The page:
Sunday, February 14, 2010

You can't push a rope up a hill

<$BlogMetaData$>February 17th, 2010

You can’t push a rope up a hill.

Last Friday’s Yankton’s Press & Dakotan had a story in the business section of the business leader’s annual trip to Pierre. Of course they met with our illustrious governor and he was slobbering the Hyperion smoothies. He said some construction is expected to begin during 2011, but the heavy lifting won’t start till 2012.

Oh come on now. Let’s get real. He also said – now get this – “their business plan appears to be solid yet.” “I’d just as soon have it being done here and have the citizens of South Dakota be able to take advantage of part of the huge economic impact it has. I think Yankton will benefit from that, as well.” Have you ever heard such baloney in your life? Makes me want to throw up – again – Doesn’t anyone think about anything but economic development? I’m so sick of hearing “ECONOMIC DEVELOPMENT.”

Coincidentally I got a response last week from the governor to an email that I sent him after his remarks in Yankton two weeks earlier. He had mentioned that the developer would start construction in 2012 and I had asked him who the developer was. Are you ready for this? He said the developer was Hyperion. He said that Hyperion was also focusing on two other parallel tracks. They range from obtaining additional permits and consents to local building permits and permits to discharge treated water. On the other track the project is working to further secure a crude oil supply. Now there must be something in the air out in Pierre because he’s losing it. When I was in the Air Force, they called it wacky tabacky!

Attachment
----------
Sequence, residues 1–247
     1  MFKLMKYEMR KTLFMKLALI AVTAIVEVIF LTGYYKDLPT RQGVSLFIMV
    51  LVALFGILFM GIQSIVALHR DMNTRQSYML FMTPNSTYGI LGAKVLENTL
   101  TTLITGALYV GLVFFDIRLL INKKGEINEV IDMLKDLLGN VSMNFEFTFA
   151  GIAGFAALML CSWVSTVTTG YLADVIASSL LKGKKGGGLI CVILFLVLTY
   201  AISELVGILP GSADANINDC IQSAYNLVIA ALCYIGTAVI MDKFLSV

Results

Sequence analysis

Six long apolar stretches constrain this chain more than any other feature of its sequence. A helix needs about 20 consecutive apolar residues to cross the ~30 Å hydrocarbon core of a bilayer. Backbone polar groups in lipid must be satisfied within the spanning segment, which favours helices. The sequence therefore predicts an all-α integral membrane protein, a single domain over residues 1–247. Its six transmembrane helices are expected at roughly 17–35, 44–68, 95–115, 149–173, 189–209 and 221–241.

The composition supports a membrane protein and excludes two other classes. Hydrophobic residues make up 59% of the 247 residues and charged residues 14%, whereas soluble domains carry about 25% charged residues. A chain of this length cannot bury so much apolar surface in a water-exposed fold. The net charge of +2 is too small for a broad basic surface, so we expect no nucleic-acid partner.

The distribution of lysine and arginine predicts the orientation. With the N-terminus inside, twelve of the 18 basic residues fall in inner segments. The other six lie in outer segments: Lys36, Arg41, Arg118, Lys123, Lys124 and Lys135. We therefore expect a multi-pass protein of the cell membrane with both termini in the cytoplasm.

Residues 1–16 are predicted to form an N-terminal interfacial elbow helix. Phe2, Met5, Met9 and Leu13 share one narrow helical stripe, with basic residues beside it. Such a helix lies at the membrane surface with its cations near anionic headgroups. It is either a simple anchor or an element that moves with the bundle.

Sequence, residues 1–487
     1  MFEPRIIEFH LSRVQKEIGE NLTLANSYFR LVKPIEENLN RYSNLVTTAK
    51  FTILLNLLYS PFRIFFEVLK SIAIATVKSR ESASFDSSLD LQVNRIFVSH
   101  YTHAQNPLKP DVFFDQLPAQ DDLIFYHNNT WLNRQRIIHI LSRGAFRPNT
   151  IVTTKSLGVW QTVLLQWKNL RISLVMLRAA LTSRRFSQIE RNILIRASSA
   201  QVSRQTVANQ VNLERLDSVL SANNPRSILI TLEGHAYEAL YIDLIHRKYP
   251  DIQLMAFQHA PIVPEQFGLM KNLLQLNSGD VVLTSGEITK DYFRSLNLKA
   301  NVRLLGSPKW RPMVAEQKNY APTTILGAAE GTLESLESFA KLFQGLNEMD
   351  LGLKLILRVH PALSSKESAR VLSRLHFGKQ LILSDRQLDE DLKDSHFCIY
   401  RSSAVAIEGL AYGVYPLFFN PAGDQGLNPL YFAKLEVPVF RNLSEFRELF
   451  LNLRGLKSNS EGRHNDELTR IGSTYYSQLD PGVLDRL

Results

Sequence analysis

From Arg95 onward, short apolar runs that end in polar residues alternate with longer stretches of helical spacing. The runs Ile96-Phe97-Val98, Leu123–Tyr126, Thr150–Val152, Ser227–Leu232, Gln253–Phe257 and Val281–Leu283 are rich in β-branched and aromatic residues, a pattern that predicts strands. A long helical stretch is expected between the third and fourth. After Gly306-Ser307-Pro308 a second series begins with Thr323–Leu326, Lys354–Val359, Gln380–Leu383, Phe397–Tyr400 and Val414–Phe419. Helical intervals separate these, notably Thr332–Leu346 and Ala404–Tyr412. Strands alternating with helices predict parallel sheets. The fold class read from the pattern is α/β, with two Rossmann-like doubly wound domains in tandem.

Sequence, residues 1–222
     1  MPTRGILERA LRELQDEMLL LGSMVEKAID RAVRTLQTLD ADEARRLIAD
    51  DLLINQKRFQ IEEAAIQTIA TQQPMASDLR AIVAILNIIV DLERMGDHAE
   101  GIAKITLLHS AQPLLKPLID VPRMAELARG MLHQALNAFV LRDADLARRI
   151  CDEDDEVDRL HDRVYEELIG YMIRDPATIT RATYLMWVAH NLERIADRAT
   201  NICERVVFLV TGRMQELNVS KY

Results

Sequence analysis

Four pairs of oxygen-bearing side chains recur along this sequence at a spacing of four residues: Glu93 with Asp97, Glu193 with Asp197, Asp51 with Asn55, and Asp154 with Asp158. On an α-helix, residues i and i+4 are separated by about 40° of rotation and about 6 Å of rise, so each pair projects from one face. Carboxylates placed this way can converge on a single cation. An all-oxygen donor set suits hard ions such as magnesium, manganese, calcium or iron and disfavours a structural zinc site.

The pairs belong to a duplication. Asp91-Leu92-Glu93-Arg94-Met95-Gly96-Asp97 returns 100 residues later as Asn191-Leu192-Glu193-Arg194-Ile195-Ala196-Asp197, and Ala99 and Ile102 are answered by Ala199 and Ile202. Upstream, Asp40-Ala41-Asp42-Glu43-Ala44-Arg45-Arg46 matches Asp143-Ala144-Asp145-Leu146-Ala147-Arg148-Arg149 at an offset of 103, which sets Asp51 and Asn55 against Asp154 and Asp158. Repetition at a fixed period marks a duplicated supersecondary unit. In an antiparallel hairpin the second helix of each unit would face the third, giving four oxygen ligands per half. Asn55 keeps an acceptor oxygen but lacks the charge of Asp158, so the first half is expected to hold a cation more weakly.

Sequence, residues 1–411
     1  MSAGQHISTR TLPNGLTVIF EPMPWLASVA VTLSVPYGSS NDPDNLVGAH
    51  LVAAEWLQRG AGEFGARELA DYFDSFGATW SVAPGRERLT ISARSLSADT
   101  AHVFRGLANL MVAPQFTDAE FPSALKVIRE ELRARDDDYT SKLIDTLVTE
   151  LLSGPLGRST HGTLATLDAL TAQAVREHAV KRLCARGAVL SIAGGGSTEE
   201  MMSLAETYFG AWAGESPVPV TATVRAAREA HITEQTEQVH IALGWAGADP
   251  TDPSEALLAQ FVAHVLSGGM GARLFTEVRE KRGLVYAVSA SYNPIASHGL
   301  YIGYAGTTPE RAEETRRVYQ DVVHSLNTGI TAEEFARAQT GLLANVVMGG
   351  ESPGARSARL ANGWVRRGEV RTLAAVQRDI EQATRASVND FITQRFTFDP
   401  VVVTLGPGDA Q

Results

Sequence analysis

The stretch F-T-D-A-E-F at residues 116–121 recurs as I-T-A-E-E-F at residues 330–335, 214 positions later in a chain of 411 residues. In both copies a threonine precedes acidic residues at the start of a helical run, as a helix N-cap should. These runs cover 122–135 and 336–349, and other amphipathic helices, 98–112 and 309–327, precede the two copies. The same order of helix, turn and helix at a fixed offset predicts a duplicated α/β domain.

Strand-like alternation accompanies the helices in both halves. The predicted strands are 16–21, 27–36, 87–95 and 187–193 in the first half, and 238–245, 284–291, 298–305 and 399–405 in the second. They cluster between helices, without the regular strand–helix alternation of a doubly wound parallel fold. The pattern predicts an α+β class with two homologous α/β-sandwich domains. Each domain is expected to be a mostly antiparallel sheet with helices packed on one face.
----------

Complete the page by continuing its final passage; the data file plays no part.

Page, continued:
It might be a solid waste plan, but business plan it isn’t. Evidently neither the governor nor his staff read the papers and industry releases. Here are portions of a business release from Canada’s Globe and Mail this week about tar sands, which is going to be Hyperion’s oil supply.

1) The uncertain future for tar sands was brought more sharply into focus when it emerged that Suncor and Imperial Oil (60% owned by Exxon Mobile) are appealing to a US regulator to force Enbridge to hold back on increasing pipeline tolls from Canada because they say Enbridge is building too much pipeline capacity for tar sands oil into the U.S.

2) TransCanada’s Keystone XL pipeline proposal, which is slated to bring 500,000 b/d of tar sands crude to the Gulf Coast by 2013, will result in around 41% excess capacity in Canada-US pipeline systems, according to the G&M article. That means that on top of paying some of the most expensive capital costs in the oil industry to pull tar sands crude out of the ground, producers will be paying a premium to get it to refineries, while refineries will be paying the extra costs of processing the heavy sour crude into products that are decreasingly in demand.

3) The problem as the oil producers see it, is that since they signed up for Clipper back in 2007, the outlook for tar sands has deteriorated sharply and they are unsure how much tar sands crude they will have available to pump through Enbridge’s new line. The contract between Enbridge and oil producers guarantees Enbridge revenue making it more expensive for oil producers to use only a portion of their allotted capacity. Suncor’s filing to the US regulator stated that, “Shippers are not required to pay for a pipeline that did not need to be placed into service”.